For classical material from the standard repertoire my tagging is... excessive.  It's very much tied to J River and the fact that it has a tag for everything.  The tracks all have to be named <piece> in <key>, <Opus #> - <movement>, for example: String Quartet No. 12 in F Major, Op. 96 "American" - II. Lento.  From there I include artist (the performing orchestra), album artist (either the performing orchestra or "various artists" in the case of a disc with multiple orchestras), the album art, conductor, composer, date of recording, location of recording, recording producer, publisher, a separate "orchestra" tag, a separate tag for a choir if one is involved, track number, disc number, and a tag for soloists where available.

 

That isn't the end of it however, I have a couple tags that I use specifically to sort music to make it easier to find on J River's android app, which is how I most often access my music.  For box sets I always put the box set and disc number in the Comments tag (for example: The Decca Sound: Disc 23).  This way I can just pull up a box set and flip through it like the box was in front of me.  In addition, I use the "Notes" tag for abbreviated versions of piece names so that I can sort through pieces separate from how they may be divided up by albums (For example, the one above would just be Dvorak: String Quartet 12).  This way, if I know I want to listen a specific piece, I can just go find it rather than try to remember who performed and/or conducted it.

post #14 of 17

I used to tag/name all my classical stuff by Catalog type (opus, BWV, Hob etc) , Catalog number, I used not to bother much with performers, now I put all performer stuff in the comments tag, I have a separate folder for every composer and I used to have a folder for every single work (or part of work if it spanned multiple CDs)  with some baroque and medieval music a folder might only have a few MB, for major works such as Symphonies/ larger Concertos I still do this otherwise I tend to catalog stuff by CD. If it is a boxed set I have a master folder for the set and sub folders for the individual CDs or sets of CDs - some works though being very short and some composers only have a single work in my collection. Generally before ripping a new CD I get the initial tag info from freedb (if available) and do a quick global edit for the album info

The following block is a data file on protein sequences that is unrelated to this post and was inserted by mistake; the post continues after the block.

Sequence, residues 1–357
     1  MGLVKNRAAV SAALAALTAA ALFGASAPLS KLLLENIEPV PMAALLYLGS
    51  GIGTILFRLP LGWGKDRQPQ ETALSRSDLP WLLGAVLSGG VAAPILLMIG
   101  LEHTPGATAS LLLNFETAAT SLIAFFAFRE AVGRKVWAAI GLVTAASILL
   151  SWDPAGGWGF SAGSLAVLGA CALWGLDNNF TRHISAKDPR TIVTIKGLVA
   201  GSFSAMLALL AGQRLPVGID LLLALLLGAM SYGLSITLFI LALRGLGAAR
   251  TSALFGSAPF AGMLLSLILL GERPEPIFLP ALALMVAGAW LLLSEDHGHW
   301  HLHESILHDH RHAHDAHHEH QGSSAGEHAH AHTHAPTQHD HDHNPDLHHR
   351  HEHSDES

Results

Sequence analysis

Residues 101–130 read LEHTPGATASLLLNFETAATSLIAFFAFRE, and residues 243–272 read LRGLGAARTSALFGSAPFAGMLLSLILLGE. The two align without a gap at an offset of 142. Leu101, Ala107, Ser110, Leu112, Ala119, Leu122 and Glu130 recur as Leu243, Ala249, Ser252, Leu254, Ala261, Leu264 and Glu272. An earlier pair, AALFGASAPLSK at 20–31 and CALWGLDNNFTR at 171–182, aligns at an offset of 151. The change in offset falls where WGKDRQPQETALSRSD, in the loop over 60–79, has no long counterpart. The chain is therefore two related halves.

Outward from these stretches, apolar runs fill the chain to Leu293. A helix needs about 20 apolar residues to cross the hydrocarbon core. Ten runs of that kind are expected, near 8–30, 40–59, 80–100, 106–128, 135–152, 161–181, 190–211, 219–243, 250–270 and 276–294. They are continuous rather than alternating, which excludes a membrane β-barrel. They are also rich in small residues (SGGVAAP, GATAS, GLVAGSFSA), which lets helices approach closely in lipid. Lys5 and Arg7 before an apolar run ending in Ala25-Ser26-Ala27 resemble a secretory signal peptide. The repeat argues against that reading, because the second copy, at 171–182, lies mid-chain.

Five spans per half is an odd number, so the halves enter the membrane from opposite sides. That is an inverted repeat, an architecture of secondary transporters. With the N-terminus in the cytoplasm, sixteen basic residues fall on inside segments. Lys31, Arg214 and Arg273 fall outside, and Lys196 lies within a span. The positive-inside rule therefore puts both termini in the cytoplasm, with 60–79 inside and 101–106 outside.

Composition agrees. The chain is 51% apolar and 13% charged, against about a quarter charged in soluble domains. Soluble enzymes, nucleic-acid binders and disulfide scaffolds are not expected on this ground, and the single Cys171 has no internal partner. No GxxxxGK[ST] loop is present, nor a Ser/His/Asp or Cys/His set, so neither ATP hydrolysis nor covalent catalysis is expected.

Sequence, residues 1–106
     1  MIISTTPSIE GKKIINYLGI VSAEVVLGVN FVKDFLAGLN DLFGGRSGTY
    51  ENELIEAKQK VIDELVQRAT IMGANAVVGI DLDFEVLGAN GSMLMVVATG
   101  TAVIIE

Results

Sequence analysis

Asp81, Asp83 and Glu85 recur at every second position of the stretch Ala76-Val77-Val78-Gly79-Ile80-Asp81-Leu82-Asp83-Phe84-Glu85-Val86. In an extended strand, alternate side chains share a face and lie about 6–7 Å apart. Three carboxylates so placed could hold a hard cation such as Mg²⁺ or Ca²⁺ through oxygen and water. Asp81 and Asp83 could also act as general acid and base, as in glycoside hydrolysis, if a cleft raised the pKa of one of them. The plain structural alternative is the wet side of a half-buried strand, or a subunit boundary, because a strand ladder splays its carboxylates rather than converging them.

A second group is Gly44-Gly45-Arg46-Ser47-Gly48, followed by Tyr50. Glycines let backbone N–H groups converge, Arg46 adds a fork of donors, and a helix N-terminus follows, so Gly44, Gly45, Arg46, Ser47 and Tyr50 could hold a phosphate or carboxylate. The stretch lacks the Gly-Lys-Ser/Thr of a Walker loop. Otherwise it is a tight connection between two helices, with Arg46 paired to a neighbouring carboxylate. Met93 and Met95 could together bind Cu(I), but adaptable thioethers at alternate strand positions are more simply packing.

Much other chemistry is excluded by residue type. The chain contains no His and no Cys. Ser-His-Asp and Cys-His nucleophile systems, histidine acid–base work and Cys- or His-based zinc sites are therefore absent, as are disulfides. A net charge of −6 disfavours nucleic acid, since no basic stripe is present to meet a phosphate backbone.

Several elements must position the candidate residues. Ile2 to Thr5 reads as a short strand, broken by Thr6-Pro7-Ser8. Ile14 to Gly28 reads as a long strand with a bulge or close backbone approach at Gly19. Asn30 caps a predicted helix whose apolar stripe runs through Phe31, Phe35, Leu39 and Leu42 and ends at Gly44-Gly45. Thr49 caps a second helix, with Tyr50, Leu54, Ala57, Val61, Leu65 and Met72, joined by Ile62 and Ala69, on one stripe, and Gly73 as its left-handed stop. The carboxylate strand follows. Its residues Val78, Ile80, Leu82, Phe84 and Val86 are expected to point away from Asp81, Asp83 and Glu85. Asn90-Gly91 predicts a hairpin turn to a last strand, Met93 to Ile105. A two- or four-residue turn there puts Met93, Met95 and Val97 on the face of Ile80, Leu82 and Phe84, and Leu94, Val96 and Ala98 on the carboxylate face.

then when I've ripped the files I use MP3Bookhelper to add track-numbers and fix any oddities

 

 

My folders now look like this

 

 

Opera is a pain as tracks often run into each other and some devices do not do gapless well, when that happens I sometimes do a single CD as one track or a single Act as one track, even multiple movements sometimes, it is a real nuisance as each track has to be tagged separately and many rippers wont let you do ranges (I use EAC for these nuisances, but EAC is painfully slow, but it does correct some errors that others leave behind)

 

I am slowly ripping my Complete Bach (Brilliant Classics) collection, 156 CDs (over 1000 works) , I'm on CD 15 and had to take a break, there is only so much Bach you can handle at a time...so I'm diverting myself with the Handel ( a mere 40 CDs) 


Edited by nick_charles - 9/18/13 at 4:50pm
post #15 of 17

just as a tidy catalogue, would this do for you? http://www.collectorz.com/music/ . The tracks from your folders can be linked to the database and playback directly (HDMI or other audio connection to the playback system required).

 

I have approx 6,000 tracks catalogued.